Forget everything you ever heard. Diesel isn't dull

 

ROAD TEST/BMW 32rd: There are good diesels around, but the new 320d from BMW shows just how good they can be. Andrew Hamilton is behind the wheel

We keep enthusing about diesel but it's really difficult to stay away from the subject. Diesels used to be so agricultural and now they're powering not just mainstream models with prestige badges but sports coupes as well. Who could have believed it?

Equally incredulous is the fact that we are now recommending a BMW diesel over its direct petrol equivalent. That's how it stands with the brilliant new 320d. Reworked late last year, and with a fresh new face, a high-tech four-cylinder diesel engine and a raft of chassis improvements, it makes the equally new 318i look a tad disappointing in the overall scheme of things.

It comes into Irish BMW showrooms at €38,750 ex works or over €2,000 more than the 318i, which is €36,300 ex works. This super-efficient car gives an alluring mix of sporty performance and exceptional economy that has to be hard to resist, even for the most committed petrol drivers. First though, the reworked 320d stands out because of fresher styling. Up front there's a wider kidney grille, curvy new headlamp assemblies and a deeper bumper. The bonnet is now more heavily contoured and at the rear, there are new jewel-effect tail lamps.

Under the bonnet is BMW's new 2.0 litre four-cylinder direct-injection diesel. This four-valve-per-cylinder engine has been developed new from the ground up. Key among its innovations is a second-generation common-rail injection system from Bosch. In combination with a new digital engine management system, it provides the engine with far greater efficiency and refinement than before. Complementing the delightful running behaviour is a turbocharger and intercooler that helps smooth out the power curve and reduce lag.

The 2.0 litre unit develops 148bhp at 4,000rpm. Like most diesels these days, the emphasis is much more on torque for mid-range pulling power. On the road, the 320d feels every bit as rapid as its performance credentials suggest. The official 0 to 62mph or 100kph figure is 8.9 seconds, which is an improvement on its predecessor by a whole one second. It also betters the time of the 318i, despite being burdened with an extra 95kg in kerb weight.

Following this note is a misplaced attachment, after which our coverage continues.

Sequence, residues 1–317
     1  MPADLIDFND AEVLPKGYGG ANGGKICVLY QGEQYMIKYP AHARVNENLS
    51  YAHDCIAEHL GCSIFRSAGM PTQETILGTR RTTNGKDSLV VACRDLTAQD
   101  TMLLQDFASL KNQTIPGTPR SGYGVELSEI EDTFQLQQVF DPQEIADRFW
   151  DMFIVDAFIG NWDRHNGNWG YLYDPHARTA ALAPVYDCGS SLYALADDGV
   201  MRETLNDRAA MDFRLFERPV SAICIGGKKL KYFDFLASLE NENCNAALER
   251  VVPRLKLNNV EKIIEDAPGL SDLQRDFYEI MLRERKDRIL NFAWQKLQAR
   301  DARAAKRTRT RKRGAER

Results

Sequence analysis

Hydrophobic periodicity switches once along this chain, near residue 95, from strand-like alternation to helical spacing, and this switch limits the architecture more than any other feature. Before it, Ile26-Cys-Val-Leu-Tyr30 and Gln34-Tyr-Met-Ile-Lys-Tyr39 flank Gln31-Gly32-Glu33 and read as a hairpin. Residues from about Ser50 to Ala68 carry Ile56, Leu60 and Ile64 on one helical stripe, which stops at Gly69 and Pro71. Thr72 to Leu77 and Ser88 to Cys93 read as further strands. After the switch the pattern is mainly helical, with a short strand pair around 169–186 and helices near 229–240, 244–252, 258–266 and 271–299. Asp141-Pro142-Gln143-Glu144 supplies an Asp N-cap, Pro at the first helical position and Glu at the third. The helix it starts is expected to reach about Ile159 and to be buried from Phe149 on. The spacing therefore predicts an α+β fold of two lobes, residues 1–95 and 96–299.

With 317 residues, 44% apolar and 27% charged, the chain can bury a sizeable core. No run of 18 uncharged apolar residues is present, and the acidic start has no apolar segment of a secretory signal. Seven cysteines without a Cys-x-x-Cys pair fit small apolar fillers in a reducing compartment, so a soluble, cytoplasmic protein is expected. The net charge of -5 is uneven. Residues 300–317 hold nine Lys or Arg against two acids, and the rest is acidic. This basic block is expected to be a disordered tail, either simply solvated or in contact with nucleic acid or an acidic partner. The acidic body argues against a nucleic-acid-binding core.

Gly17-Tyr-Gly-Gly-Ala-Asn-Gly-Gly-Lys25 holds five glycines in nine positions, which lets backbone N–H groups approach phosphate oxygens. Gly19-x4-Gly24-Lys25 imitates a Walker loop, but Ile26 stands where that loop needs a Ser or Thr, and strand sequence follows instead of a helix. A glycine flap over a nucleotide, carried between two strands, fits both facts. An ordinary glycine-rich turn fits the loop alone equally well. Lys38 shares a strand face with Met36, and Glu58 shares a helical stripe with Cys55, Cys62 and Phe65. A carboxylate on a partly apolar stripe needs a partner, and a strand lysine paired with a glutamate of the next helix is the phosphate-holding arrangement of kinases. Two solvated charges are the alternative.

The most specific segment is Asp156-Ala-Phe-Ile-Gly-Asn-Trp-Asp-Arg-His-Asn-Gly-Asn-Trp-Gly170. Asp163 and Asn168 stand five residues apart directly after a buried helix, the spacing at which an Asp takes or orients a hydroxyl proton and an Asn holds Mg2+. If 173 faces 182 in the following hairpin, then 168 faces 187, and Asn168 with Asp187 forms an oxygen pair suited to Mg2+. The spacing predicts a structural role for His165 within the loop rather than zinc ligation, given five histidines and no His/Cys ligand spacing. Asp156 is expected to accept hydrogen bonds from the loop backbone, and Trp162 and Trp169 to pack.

Where the 320d really wins out, however, is during overtaking. With so much torque concentrated low down and a slick-shifting five-speed manual gearbox to exploit it, in-gear acceleration is superb. BMW claims a fourth gear 50 to 75mph time of just 7.5 seconds. That's a full 1.7 seconds faster than the 318i.

Diesels are that bit noisier, that bit more vibrating. With the 320d, there are twin balancer shafts to quell nasty vibrations so that the diesel unit remains commendably quiet and composed at motorway speeds. It's only when the driver floors the throttle and winds the revs to around the 4,700rpm cut-off point that the traditional diesel clatter becomes conspicuous.

Of course, the peppy performance and improvement refinement is really only half the story with this talented car. An even bigger asset is its economy. BMW claims a combined figure of 55mpg - an impressive 6mpg improvement over the old model, to give a theoretical range of over 700 miles on the 63 litre tank. By comparison, the 318i is said to return 39mpg. On our Irish test which was a mixture of town driving and up-hill and down-dale country work, we achieved an overall 46mpg with the 320d, a highly creditable result. Its frugality begs one question. In these days of high fuel prices, can there be better justification for switching to diesel?

It's environmentally good too, with a comparatively low 148g/km CO2 emission rating. Because of company car taxation, that's very important in the UK just now. There, the 320d is expected to account for up to 20 per cent of all 3-series sales.

Elsewhere the 320d puts on a commendable show. The added weight of the engine in the nose fails to dull the handling to any great degree. The chassis is beautifully balanced, and with recent changes that BMW has made to the steering, it feels a good deal sharper than the old 320d, delivering crisp responses and tremendous agility. Most of us would have a long way to go before finding a diesel car with such outstanding dynamic behaviour. It also rides with great maturity, absorbing ripples and ruts calmly and silently.

OVERALL, the 320d is an exceptionally well-rounded car: we got to appreciate it more the further we drove it. The interior is a study in clarity and quality, while the quality itself and the standard safety features are among the best in class. There are other good diesels, some with smart badges, but we think the 320d is probably the shining example of how far diesel motoring has progressed.